ConnectOne Bancorp is giving strong hints that it will expand beyond northern New Jersey — and New York would be a natural place to go.
The company, formerly known as North Jersey Community Bancorp, said in a recent regulatory filing that it scrapped its old name because it now serves clients in New Jersey and New York. As a result, the old name became "too restrictive."
The filing, outlining the Englewood Cliffs, N.J., company's plans to raise $46 million through an initial public offering, says ConnectOne could use the funds to book more loans and "acquire other banks or financial institutions."
A graphic embedded in the filing is more suggestive, showing ConnectOne's eight New Jersey branches, and a huge arrow pointing to "New York City" and an outline of the Empire State Building.
To be sure, ConnectOne has never publicly expressed an interest in New York. Frank Sorrentino 3rd, the $929 million-asset company's chairman and chief executive, declined to comment because of rules that limit communication before a stock offering.
It might make sense for ConnectOne to diversify its geography by crossing the Hudson River, industry experts say. Nearly 94% of the company's $769 million in deposits come from its home turf in Bergen County, N.J.
New York "is a gigantic market and there's adequate room in that market" for ConnectOne, says Matthew Schultheis, an analyst at Boenning & Scattergood.
The path to Manhattan and the other four boroughs is far from a lock. In its filing, ConnectOne devoted more discussion to central New Jersey, adding that it expects "the bulk of our growth to continue to be organic."
As for acquisitions, the filing said that ConnectOne is not engaged in any negotiations, though it is "constantly evaluating opportunities to do so."
New York has been a magnet for small banks in nearby locales. Investors Bancorp (ISBC) in Short Hills, N.J., bought two New York institutions — Brooklyn Federal Bancorp and Marathon National Bank of New York — last year.
Northfield Bancorp (NFBK) in Avenel, N.J., also bought a Brooklyn thrift last year. Provident New York Bancorp (PBNY) in Montebello, N.Y., bought Gotham Bank of New York and has hired several lenders from New York banks in the past year.
"There's a lot of opportunity for commercial lending in New York," says Matt Kelley, an analyst at Sterne Agee. "You are seeing a collection of small community banks double down on their growth initiatives in the city."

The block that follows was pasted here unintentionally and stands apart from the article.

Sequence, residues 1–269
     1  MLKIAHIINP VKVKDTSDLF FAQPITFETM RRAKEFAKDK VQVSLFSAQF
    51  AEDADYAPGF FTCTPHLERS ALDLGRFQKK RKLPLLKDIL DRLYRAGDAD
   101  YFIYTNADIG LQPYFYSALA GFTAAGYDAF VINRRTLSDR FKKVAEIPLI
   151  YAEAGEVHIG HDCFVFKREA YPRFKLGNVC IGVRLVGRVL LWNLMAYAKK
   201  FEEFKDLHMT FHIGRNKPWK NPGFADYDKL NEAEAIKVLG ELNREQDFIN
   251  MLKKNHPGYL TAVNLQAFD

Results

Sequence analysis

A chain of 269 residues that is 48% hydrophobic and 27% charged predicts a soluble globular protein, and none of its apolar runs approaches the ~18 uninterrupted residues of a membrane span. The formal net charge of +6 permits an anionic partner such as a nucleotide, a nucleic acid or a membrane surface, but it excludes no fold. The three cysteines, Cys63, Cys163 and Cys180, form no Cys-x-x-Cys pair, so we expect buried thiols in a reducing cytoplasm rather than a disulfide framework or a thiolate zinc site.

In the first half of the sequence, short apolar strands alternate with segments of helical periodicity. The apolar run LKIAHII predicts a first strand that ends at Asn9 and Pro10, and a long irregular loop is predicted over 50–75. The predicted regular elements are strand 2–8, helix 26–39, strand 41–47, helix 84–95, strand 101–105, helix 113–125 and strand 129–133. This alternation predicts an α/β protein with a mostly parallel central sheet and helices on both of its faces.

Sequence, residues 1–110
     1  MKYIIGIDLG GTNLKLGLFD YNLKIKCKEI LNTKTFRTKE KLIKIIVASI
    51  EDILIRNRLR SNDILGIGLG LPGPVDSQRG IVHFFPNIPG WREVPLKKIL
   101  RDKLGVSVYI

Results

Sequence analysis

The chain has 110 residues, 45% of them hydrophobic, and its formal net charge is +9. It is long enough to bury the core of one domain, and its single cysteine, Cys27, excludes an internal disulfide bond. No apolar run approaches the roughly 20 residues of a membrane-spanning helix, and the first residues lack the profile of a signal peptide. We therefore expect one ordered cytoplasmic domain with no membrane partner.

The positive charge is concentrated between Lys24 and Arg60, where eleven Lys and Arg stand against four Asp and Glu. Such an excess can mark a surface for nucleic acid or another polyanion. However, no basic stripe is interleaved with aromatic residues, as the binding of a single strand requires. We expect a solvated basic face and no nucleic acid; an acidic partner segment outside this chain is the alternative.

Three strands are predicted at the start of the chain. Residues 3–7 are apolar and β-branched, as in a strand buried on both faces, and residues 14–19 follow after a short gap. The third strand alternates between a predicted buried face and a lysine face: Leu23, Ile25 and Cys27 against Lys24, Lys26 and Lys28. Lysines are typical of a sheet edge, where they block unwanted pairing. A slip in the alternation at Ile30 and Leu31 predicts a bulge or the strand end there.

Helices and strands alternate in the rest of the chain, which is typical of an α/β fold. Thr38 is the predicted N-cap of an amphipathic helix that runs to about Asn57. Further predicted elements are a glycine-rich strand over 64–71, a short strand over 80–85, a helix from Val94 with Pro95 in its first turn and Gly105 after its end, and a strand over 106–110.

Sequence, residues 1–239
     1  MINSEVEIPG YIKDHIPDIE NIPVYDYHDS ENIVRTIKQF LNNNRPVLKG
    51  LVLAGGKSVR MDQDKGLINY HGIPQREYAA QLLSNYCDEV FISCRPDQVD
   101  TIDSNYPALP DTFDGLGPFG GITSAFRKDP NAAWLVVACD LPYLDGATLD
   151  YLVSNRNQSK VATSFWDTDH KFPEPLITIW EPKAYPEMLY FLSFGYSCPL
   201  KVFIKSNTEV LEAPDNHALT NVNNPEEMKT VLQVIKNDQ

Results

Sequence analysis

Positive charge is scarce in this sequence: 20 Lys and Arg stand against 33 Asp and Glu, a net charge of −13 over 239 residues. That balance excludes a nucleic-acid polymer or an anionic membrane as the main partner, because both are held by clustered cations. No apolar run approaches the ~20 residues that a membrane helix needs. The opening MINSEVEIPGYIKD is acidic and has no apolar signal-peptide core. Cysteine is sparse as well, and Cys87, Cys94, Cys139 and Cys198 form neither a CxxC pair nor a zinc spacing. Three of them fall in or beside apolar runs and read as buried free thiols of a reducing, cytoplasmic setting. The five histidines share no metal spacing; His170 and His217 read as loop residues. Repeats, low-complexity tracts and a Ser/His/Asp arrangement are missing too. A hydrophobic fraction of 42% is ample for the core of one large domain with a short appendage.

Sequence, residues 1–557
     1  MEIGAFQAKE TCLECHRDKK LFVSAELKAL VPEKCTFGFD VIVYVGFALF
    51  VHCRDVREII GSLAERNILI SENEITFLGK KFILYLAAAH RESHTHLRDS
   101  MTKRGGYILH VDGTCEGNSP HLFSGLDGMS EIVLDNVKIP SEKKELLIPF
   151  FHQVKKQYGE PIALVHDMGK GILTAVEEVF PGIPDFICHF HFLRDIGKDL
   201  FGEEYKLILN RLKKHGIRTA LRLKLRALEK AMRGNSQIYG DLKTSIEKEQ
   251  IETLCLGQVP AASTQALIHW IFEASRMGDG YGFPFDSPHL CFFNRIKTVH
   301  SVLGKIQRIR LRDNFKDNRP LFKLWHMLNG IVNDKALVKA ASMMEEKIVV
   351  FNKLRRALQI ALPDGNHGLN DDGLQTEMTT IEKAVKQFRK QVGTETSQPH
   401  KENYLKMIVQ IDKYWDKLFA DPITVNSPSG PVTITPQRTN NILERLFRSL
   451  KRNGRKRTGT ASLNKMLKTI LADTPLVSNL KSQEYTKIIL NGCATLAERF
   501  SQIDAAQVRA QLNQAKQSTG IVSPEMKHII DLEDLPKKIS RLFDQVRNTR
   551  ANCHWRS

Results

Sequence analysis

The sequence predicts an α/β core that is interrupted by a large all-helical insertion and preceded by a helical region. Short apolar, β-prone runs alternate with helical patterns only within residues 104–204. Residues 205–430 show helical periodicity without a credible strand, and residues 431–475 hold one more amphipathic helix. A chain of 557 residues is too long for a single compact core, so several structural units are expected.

ConnectOne could also benefit from efforts to gain deposits, whether it involves targeting depositors or buying highly liquid banks. At Dec. 31, its bank had a loan-to-deposit ratio of 110%.
Still, it is a tough time for a bank to go public. Last year, Capital Bank Financial (CBF) in Coral Gables, Fla. and National Bank Holdings (NBHC) in Greenwood, Colo., completed IPOs at prices that fell short of their expectations.
EverBank Financial (EVER) in Jacksonville, Fla., lowered its offering price twice last year before going public. Customers Bancorp (CUUU) in Wyomissing, Pa., withdrew its IPO last year and has no immediate plans to revisit an offering.
For a successful debut, banks must provide institutional investors with a compelling reason to buy in, Schultheis says. "If your story is that you've got a capital hole and need to fill it, then the answer is going to be 'no,'" he says.
Still, ConnectOne may have the kind of story that investors like to hear. Formed in 2005 with a branch in Englewood Cliffs, it bought the failed Citizens Community Bank in May 2009. A January 2010 offering of preferred stock raised $9 million.
Sorrentino played his cards right, luring investors who would later become clients, says Stewart McClure, president and chief executive of Somerset Hills Bancorp (SOMH) in Bernardsville, N.J., which recently agreed to sell to Lakeland Bancorp (LBAI) in Oak Ridge, N.J.
Sorrentino "attracted capital from the local communities he's in, from local business people," McClure says. "He was able to get them involved . . . as investors, but they're the same people you can turn to and have as your most important customers."
ConnectOne has also pinched talent from other banks. Last fall, it hired Williams Burns as chief financial officer, swiping him from Somerset Hills. In January, Sorrentino lured Aditya Kishore away from New York's Carver Bancorp (CARV) to become his chief information and operations officer.
A ConnectOne director, Steven Goldman, is a former commissioner of the New Jersey Department of Banking and Insurance.
For big investors, ConnectOne has another feather in its cap; its loan book has grown from $43 million in March 2005 to $849 million at the end of last year.
Institutional investors are most interested in profitable banks that need more capital to get "to the next level," Schultheis says.